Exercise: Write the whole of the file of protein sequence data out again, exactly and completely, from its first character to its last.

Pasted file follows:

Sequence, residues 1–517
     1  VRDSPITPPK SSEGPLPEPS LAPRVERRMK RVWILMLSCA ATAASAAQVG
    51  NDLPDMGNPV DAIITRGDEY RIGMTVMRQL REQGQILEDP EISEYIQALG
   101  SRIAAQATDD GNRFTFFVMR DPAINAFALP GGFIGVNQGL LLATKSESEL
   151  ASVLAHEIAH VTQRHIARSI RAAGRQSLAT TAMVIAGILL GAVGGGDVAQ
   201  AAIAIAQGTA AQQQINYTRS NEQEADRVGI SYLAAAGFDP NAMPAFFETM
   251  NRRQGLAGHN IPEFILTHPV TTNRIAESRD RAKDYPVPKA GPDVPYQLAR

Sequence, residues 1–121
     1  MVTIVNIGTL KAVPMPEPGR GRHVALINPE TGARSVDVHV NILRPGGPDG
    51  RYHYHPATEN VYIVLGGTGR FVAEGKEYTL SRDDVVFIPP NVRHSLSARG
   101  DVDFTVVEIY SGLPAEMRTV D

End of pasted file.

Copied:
Sequence, residues 1–517
     1  VRDSPITPPK SSEGPLPEPS LAPRVERRMK RVWILMLSCA ATAASAAQVG
    51  NDLPDMGNPV DAIITRGDEY RIGMTVMRQL REQGQILEDP EISEYIQALG
   101  SRIAAQATDD GNRFTFFVMR DPAINAFALP GGFIGVNQGL LLATKSESEL
   151  ASVLAHEIAH VTQRHIARSI RAAGRQSLAT TAMVIAGILL GAVGGGDVAQ
   201  AAIAIAQGTA AQQQINYTRS NEQEADRVGI SYLAAAGFDP NAMPAFFETM
   251  NRRQGLAGHN IPEFILTHPV TTNRIAESRD RAKDYPVPKA GPDVPYQLAR

Sequence, residues 1–121
     1  MVTIVNIGTL KAVPMPEPGR GRHVALINPE TGARSVDVHV NILRPGGPDG
    51  RYHYHPATEN VYIVLGGTGR FVAEGKEYTL SRDDVVFIPP NVRHSLSARG
   101  DVDFTVVEIY SGLPAEMRTV D